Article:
Don’t forget the floor. In this kitchen, a black-and-white carpet runner matches the plates and dishes on display in the cabinets above. A small area rug with a pattern or palette that matches your dinnerware is a simple and easy way to create a cohesive look in your kitchen. Designer Michelle Mentzer says another go-to styling choice is to add a plant or flowers for a bit of greenery.

Decorate With Molding

Updating your kitchen doesn’t always have to cost a fortune or involve weeks of construction. In some cases, it’s the small changes that make the biggest impact. Let this well-designed model home serve as an inspiration for a weekend cabinet redo. You can add decorative molding to your existing cabinets, by following this tutorial by HGTV designer Brian Patrick Flynn.

Get a Bang With a Backsplash

Using mesh-mounted tiles, sold at home improvement stores, makes installing a backsplash a significantly easier weekend project. This kitchen was designed by Diane Foreman of Neil Kelly Co., in Oregon and Washington, and was a 2016 National Kitchen + Bath Association winner.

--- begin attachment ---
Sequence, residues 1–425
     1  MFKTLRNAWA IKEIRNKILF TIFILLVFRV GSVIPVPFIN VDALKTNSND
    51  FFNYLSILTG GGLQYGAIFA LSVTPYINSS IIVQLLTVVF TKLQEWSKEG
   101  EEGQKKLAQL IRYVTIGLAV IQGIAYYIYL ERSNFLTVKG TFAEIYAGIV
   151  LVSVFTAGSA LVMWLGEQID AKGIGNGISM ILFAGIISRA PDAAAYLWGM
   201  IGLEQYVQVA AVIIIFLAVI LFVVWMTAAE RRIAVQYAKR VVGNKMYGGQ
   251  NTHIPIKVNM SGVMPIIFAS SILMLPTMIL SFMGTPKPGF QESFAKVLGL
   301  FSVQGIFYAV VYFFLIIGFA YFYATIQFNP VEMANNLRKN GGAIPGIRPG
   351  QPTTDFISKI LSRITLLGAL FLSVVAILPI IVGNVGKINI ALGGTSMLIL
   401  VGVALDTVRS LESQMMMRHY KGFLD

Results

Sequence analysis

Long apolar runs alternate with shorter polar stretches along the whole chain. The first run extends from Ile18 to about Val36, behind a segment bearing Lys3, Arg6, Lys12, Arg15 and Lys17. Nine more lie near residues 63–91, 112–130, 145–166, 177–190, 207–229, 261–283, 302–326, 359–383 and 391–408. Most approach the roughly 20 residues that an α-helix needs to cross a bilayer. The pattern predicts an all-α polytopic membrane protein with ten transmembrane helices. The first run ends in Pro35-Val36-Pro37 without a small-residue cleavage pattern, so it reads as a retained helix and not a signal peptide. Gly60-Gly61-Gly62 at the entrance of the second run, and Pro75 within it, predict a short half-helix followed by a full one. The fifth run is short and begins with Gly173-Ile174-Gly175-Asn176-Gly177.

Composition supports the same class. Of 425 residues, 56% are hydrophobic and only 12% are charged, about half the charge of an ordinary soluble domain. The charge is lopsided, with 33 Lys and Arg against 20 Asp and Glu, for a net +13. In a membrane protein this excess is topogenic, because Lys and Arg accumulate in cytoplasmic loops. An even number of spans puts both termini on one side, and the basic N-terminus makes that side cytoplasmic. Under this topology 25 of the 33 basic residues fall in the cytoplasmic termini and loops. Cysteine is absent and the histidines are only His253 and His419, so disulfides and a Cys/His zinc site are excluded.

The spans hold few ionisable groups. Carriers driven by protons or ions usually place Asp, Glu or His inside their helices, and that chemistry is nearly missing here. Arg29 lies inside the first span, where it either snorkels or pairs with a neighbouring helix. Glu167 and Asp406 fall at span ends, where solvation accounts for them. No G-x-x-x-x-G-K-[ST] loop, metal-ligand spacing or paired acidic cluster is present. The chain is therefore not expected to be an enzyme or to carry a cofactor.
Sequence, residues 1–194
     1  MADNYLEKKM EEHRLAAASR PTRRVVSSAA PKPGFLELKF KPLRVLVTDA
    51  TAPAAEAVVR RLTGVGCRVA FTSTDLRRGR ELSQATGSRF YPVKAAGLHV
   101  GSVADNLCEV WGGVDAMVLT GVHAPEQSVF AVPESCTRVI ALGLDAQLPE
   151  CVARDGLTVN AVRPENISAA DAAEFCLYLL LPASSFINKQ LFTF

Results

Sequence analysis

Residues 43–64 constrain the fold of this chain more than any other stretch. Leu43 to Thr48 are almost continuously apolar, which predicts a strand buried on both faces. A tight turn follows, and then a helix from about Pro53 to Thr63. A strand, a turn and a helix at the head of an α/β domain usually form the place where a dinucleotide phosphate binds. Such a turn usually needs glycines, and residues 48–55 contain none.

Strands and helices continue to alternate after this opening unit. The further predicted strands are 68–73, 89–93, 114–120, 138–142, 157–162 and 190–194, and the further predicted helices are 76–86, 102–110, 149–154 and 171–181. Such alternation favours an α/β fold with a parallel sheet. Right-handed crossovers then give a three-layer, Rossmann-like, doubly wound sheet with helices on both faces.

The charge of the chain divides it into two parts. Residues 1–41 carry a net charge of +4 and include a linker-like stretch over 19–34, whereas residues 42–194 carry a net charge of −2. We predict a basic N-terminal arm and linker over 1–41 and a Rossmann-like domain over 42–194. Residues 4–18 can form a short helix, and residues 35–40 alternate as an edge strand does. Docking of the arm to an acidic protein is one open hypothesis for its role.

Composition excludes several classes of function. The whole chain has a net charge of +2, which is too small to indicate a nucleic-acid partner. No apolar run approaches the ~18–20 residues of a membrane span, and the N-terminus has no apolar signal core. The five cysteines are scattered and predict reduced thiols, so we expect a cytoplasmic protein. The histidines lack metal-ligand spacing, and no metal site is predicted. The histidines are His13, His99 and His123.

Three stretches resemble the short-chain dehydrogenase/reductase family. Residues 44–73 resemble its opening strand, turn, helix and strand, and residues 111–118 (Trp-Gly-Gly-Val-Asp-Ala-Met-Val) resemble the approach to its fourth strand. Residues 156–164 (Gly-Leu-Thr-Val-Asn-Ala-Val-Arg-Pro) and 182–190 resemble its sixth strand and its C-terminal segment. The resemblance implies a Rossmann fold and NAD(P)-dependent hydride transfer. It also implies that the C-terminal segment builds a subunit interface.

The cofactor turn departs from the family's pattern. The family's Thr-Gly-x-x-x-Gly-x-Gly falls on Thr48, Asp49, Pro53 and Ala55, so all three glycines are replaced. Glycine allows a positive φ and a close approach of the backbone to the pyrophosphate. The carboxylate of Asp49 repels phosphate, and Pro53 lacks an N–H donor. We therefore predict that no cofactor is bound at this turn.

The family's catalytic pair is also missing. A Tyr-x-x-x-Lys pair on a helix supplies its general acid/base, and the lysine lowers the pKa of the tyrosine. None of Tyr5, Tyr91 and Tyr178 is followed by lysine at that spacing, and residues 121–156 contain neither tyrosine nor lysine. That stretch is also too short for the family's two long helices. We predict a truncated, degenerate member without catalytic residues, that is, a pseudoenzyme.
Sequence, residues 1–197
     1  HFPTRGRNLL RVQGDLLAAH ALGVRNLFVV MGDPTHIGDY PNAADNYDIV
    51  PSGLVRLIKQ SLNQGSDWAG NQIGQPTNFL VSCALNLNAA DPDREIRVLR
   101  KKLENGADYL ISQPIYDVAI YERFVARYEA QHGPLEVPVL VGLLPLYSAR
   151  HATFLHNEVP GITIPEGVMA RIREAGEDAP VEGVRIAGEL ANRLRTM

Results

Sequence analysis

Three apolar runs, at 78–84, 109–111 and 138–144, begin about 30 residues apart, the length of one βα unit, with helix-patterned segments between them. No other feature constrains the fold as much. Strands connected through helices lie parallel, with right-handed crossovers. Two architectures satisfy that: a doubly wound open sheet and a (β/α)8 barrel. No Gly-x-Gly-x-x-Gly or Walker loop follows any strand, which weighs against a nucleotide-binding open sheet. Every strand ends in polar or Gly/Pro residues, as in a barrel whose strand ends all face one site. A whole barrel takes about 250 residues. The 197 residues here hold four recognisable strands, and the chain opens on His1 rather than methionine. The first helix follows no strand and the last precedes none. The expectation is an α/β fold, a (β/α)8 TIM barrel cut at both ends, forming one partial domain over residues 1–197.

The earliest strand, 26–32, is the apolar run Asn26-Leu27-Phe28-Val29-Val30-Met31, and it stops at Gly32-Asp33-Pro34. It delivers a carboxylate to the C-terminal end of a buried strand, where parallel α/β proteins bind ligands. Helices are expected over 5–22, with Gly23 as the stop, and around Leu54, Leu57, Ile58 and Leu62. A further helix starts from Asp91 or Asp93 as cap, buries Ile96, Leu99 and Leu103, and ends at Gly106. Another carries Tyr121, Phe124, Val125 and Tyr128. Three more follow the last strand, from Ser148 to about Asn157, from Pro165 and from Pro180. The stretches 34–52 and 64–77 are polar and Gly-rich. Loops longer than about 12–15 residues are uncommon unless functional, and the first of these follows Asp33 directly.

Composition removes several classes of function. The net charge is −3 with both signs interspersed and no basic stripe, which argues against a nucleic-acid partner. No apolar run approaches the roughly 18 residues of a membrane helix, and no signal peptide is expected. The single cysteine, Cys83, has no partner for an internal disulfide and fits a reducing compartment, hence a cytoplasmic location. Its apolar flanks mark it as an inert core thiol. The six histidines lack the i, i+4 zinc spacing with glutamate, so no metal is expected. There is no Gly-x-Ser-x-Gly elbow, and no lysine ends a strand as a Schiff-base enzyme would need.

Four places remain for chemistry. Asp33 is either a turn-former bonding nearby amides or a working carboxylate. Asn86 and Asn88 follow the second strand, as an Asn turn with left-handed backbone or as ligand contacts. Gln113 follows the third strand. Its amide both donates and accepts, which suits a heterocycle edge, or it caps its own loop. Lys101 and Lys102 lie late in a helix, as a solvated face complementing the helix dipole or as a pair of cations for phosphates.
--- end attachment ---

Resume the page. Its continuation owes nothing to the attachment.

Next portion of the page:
From: Diane Foreman

Plan a Cohesive Look

Use recurring patterns and materials for a cohesive style throughout the kitchen. Northwest designer Diane Foreman used a mix of stainless steel and colored tiles for the backsplash of this 2016 National Kitchen + Bath Association winner. The tile echoes the stainless steel in the sink and cooktop, and Foreman repeated a circular pattern throughout the room, a technique she says adds professional flair to the space.
From: Diane Foreman

Bring in an Earthy Element

Adding a small tabletop atrium to your kitchen can give it an organic, earthy feel. In this kitchen, designers with homebuilder Lennar carry the vibe through the room with a textured tray on the console and earth-toned pastas in glass containers on the back counter.

Repeat Dominant Colors

Add napkins and a few choice decor pieces, like a bowl, that match your dining area chairs. An aqua candle in the table luminary ties in with the decor in this new construction kitchen, and the contrasting yellow along the counter in the lemons and pasta creates balance.